Sarpanitum - _Blessed Be My Brothers_
(Willowtip Records, 2015)
by: Dan Lake (9 out of 10)
Sometimes the line between transcendent idea and hackish gimmick is fine indeed. The difference can be as simple as the competent execution of the music and its final recorded result. On _Blessed Be My Brothers_, the Birmingham-cum-Tokyo trio turn every moment of their third full-length outing into pure death metal gold. Predicated on a foundation of early Christian and Arabic music and built around the theme of Crusades-era atrocities (and the emotions of the historical characters who committed them), _Blessed Be My Brothers_ expresses its heady concept through Gigan-esque guitar squalls, Portal-dense percussion, Carcass-level solos and those satisfyingly low death growls. The album pulls zero punches, makes zero apologies for the brilliant clean sections, and drives forward with every blast-filled second.

In an email exchange with guitarist/vocalist Tom Innocenti, our man had far more eloquent and informed thoughts on the way the album achieves its overall impact, so for a moment we'll get out of the way and let the real deal speak for himself:

"Pretentious as this might potentially sound, I think it is safe to say that myself and [guitarist] Tom Hyde have both experienced increases in our own spiritual awakenings in recent years; perhaps this has influenced our sound somewhat. I think the most unique aspect of our sound is our atmosphere and our almost unintentionally melodious approach to song writing which isn't all that common in extreme blackened death metal. Rather idealistically, we wrote the album with the intention that all of the songs have a consistency so that it works as an entire album, but at the same time we wanted the songs to work as individual pieces. The same applies to the shorter tracks. They were written with exactly the same ethos in mind and are, to us, essential. The album is rather intense and these songs help to maximise this intensity by offering moments of contemplation and respite without taking you away from the momentum and atmospheres built by the previous songs. They are less intense but they most certainly come from the same place.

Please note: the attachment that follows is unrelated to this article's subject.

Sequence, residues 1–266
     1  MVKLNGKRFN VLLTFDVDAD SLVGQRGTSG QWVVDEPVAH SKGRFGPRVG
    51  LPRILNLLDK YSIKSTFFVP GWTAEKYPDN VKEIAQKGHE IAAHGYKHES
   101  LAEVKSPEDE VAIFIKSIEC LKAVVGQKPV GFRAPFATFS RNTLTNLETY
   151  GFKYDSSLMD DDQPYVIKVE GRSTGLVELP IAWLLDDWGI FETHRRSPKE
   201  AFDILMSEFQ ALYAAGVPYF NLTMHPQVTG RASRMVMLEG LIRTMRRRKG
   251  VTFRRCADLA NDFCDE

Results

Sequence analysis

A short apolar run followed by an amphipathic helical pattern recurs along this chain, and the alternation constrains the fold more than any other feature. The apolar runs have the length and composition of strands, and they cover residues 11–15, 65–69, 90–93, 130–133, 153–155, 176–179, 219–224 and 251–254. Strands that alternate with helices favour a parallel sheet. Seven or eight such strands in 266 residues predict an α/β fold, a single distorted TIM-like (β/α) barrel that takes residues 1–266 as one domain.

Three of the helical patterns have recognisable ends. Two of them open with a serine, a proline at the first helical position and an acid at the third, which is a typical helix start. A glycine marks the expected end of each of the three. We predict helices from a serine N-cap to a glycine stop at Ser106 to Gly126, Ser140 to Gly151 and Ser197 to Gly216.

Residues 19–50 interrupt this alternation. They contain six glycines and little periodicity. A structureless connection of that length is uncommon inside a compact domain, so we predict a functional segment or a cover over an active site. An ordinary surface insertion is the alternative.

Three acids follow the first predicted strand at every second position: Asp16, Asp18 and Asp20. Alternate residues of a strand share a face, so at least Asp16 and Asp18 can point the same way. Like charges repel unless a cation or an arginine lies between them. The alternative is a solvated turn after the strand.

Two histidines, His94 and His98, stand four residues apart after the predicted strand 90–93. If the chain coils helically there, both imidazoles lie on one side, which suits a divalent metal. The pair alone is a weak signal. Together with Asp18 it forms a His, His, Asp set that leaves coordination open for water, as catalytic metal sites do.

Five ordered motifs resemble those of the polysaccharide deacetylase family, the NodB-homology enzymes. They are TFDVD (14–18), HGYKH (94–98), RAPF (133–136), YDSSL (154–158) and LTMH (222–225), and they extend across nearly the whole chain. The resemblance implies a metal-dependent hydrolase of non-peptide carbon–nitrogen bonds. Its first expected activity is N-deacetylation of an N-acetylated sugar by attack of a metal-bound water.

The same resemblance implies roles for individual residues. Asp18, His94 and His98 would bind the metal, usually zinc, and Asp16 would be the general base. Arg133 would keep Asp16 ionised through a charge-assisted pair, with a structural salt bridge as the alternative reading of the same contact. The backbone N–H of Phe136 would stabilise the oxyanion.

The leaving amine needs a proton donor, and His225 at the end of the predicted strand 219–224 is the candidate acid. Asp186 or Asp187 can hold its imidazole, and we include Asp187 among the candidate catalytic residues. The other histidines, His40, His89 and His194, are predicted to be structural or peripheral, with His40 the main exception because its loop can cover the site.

"We were very mindful of our production sound too as a lot of extreme metal these days either totally worships the old-guard and perpetuates decades old sounds or they embrace a modern, totally plastic, compressed and lifeless (not in a good way) production. We wanted to move away from this and develop an organic and unique production sound and I think it really helps with making the record stand out."

All of the above assertions are completely accurate, and they adequately explain how _Blessed Be My Brothers_ turns a sometimes staid genre on its head and shakes out an astonishing amount of valuable loose change. Spend time with this record and treat yourself to one of the best extreme releases of the year.


(article published 12/8/2015)

10/5/2007 J Ulrey Sarpanitum: Harbinger of Impious Hordes
3/25/2007 J Ulrey 8.5 Sarpanitum - Despoilment of Origin
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